Galerie Mitterrand (Paris) contributes to the theme of materiality by showcasing iconic works by the renowned designer couple, François-Xavier and Claude Lalanne. The exhibition features a unique “Choupatte” by Claude Lalanne, dating back to the 1960s, alongside a set of three “Oies” by François-Xavier Lalanne. “Le Choupatte” is one of Claude Lalanne’s earliest works, demonstrating her virtuosic use of the galvanoplasty technique, where cabbage leaves are immersed in an electrolytic bath to obtain copper imprints. This celebration of the Lalannes’ sculptural vision adds another layer of depth to the fair’s exploration of how different materials can be transformed into extraordinary works of art.

Fusing Historical Significance with Contemporary Design

Honoring historical significance and fusing it with contemporary design is another trend at the fair this year. Making its DESIGN MIAMI.BASEL debut, Maxime Flatry (Paris) presents an exhibition dedicated to the timeless legacy of Jean-Michel Frank. Primarily focusing on Frank’s quest to design simplicity by essentializing forms and spaces, Maxime Flatry’s presentation acts as a tribute to the creator who has left an indelible mark on the arts and design landscape. First-time exhibitor Galerie Eva Presenhuber (Zurich/Vienna) also presents a solo exhibition dedicated to works by Franz West. West places everyday items—from chairs and tables to coat racks and bookshelves—through his sculptural lens and approach to design. The presentation spotlights how West challenges the way design is experienced and defined, through repositioning its interpretation as both a sculptural and social experience.

Pulp Galerie (Paris) presents an exhibition dedicated to the works of the late Gaetano Pesce, offering an impressive collection of early pieces, most of which have been acquired from the private collection of Dutch photographers Petra and Erik Esmerg, who shot many of Pesce’s works over his celebrated career. The booth scenography, inspired by an Italian garden, invites visitors to promenade around the pieces as if viewing antique sculptures. Key highlight pieces include furniture first shown at the Centre Pompidou 1996 exhibition, Le temps des questions, including the Pratt chair n°7 and Sick (or Sikh) Cabinet, handmade by Gaetano Pesce himself for the exhibition.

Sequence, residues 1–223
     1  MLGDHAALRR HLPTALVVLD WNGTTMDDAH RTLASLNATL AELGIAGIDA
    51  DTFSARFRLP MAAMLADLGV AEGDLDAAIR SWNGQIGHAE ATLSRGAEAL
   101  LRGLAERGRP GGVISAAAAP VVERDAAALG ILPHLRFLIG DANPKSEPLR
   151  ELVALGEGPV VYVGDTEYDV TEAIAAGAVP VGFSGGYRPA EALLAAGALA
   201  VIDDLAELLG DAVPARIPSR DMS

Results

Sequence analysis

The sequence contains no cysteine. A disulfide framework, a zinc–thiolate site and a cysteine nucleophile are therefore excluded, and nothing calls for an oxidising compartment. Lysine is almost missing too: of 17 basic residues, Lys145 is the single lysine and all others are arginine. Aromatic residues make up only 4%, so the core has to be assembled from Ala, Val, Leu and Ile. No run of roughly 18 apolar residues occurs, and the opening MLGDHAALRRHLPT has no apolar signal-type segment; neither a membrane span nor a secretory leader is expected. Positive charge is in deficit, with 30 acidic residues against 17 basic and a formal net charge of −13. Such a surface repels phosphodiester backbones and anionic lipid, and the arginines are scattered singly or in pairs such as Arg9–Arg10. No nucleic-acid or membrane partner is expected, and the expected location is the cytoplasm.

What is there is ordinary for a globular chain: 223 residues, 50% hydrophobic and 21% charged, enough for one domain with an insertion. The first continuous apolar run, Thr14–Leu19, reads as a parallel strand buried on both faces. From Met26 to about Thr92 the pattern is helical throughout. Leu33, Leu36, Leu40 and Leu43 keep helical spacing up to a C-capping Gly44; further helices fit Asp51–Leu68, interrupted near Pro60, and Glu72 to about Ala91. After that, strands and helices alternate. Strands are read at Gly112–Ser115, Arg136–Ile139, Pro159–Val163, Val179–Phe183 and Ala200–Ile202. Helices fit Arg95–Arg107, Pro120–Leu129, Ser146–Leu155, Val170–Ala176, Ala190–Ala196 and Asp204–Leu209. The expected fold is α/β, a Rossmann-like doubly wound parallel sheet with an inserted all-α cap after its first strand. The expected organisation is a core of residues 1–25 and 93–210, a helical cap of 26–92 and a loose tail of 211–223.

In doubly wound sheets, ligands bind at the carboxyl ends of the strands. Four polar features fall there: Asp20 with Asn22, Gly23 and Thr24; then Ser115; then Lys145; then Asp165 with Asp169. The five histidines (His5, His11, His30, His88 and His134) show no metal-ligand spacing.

Collaborative and Innovative Presentations Unfold

Turning our gaze to the past century, a collaborative presentation within the Design at Large program by Ketabi Bourdet x LAFFANOUR (Paris) offers a moment of historical significance. Together, they showcase Robert Wilson’s “Hamletmachine” table and chairs, designed for the premiere of the eponymous play staged at NYU Theater in New York in 1986. Wilson, a celebrated director and visual artist, is known for his stage furniture, which plays an integral role in the overall impact of his productions. The “Hamletmachine” table and chairs are particularly notable for their dramatic minimalism.

Innovative design that pushes boundaries is also the lifeblood of the fair. Friedman Benda (New York/Los Angeles) returns to DESIGN MIAMI.BASEL to present a dynamic setting showcasing the vibrancy of emerging voices, punctuated by key works from influential, established figures. This group installation focuses on sculptural works by eight visionary designers, including Ini Archibong, Wendell Castle, Enrico Marone Cinzano, Carmen D’Apollonio, Misha Kahn, Samuel Ross, Ettore Sottsass, and Barbora Žilinskaitė.

Friedman Benda Installation image Installation view courtesy of Friedman Benda.

Reveling in Organic Forms with Global Cultural Exchange

193 Gallery (Paris) presents an original exhibition designed by Ben Arpea, titled “Sphere”, as part of the Curio program. The exhibition explores the symbiosis between organic forms inspired by nature and everyday functionality. Each piece in the collection invites a dialogue between the natural environment and the living space in which the design resides: from the soft, curving lines of the Mediterranean shore to the raw textures of wood and stone. Through boundary-pushing craftsmanship and techniques, Arpea works with natural materials including wood, stone, concrete, marble, travertine, and ceramics, carefully revealing their inherent beauty.